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Skilled, “white-collar” jobs were once thought to be secure, but they are now being outsourced to developing countries as fast as “blue-collar” jobs. Written by a Professor from Cornell University for the Industrial Relations and Firms' Competitiveness Chair, the attached policy paper examines the case of the US law industry, which has seen more and more work being offshored to India. He explains what it means in terms of job prospects in the US and in India.

Low-level software coding, customer support, social media marketing and telemarketing have routinely been moved to developing countries since the 1990s, spawning the so-called Business Process Outsourcing (BPO) industry. India, with its huge English-speaking and increasingly skilled population, is one country that has particularly benefitted from this boom. While offshoring so far only affected clerical back-office jobs, now highly-skilled jobs in accounting and engineering, once thought to be invulnerable, are also migrating. Even such a prestigious field as the legal profession in the US is seeing jobs draining away to India's Legal Process Outsourcing (LPO) industry. In a policy paper written for ESCP's Industrial Relations and Firms' Competitiveness Chair, Sarosh Kuruvilla, Professor of Industrial Relations, Asian Studies and Public Relations at Cornell University and member of the chair's Scientific Committee, examines the scope of the offshoring of legal processes, and its impact on both the US and Indian labour markets.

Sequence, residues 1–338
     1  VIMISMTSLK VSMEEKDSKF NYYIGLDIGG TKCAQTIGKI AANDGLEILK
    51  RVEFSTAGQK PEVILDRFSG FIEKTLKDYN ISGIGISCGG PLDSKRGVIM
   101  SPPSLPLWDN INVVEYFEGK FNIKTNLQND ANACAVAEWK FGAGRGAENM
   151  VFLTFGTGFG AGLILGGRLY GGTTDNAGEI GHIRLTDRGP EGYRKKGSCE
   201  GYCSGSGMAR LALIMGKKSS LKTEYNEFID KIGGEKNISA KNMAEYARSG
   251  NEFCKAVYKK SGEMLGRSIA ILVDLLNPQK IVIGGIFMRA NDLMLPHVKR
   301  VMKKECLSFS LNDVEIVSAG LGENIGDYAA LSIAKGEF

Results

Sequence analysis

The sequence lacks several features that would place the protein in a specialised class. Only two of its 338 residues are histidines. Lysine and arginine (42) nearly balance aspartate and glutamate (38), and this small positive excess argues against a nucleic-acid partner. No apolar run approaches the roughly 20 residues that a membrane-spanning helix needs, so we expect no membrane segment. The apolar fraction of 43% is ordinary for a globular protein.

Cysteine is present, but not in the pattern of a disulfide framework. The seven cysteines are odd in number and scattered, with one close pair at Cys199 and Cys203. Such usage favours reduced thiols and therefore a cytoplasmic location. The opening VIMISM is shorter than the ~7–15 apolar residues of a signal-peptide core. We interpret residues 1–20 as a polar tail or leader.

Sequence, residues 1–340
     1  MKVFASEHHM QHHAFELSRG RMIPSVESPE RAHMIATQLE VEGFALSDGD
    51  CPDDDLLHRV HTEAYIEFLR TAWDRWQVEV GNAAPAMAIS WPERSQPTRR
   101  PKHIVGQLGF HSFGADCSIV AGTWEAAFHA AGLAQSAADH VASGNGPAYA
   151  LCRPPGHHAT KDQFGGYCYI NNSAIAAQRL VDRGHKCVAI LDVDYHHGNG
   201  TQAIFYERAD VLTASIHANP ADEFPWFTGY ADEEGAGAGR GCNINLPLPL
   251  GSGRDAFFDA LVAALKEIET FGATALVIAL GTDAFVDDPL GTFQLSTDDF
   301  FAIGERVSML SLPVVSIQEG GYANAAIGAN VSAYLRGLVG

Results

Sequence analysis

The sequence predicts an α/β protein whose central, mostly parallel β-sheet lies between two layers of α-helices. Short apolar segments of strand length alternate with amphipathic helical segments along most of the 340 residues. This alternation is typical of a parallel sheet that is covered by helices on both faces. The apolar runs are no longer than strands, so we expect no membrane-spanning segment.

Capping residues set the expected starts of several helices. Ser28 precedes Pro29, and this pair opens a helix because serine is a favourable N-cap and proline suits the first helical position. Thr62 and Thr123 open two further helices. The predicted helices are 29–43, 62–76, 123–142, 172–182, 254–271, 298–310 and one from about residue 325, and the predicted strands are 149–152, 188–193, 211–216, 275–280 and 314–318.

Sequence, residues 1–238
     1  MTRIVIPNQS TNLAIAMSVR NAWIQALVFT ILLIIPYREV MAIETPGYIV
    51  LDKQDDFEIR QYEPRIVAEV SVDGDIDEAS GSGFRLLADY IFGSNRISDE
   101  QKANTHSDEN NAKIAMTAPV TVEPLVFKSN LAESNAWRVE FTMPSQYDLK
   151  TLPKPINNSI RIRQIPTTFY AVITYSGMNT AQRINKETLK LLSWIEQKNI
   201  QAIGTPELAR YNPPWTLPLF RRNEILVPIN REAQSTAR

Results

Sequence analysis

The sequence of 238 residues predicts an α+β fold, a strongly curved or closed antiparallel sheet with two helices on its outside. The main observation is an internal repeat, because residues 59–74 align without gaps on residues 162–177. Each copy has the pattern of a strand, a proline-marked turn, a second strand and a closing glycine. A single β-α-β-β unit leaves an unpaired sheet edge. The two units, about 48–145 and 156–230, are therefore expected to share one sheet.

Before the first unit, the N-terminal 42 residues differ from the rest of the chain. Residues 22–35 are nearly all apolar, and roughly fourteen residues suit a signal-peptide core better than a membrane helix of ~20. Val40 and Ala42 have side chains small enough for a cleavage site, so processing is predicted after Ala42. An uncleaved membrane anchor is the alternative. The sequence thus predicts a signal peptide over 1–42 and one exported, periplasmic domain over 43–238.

LPO firms are moving up the value chain

Once the mere back office of the US, India is taking on increasingly skilled work. US law firms and corporate legal departments, which have been using Indian LPO firms for labour-intensive, routine tasks such as transcriptions, document review since the 1990s, now outsource more and more advanced services. Legal tasks once performed by second-year or third-year associates in large law firms including contract drafting and review or due diligence research for merger and acquisition deals, are now done in India – for only $10 per hour (a fraction of the $200 per hour rate billed to clients in the US). Clearly, a global value chain has emerged in the legal industry, and Indian LPO firms are fast moving up the chain. In an ironical twist that could be referred to as “on-shoring”, some India-based LPO firms such as SDD Global have even opened offices in the US and hired American lawyers, at lower salaries.

A ballooning industry

Gleaning estimates from different sources, Professor Kuruvilla was able to paint the picture of a rapidly expanding market: LPO revenues in India are reported to have climbed from $640 million in 2010 to $1.12 billion in 2012, which works out to a 30% annual average growth rate. He counted some 171 LPO firms in India in 2014, up from 40 in 2005. They employed 32,000 lawyers in 2012, according to an industry count. Since the US is the main client, accounting for nearly three-quarters of the total revenues of the Indian LPO industry (with the UK a far second), Sarosh Kuruvilla examined the incidence of offshoring on the US and Indian labour markets for lawyers.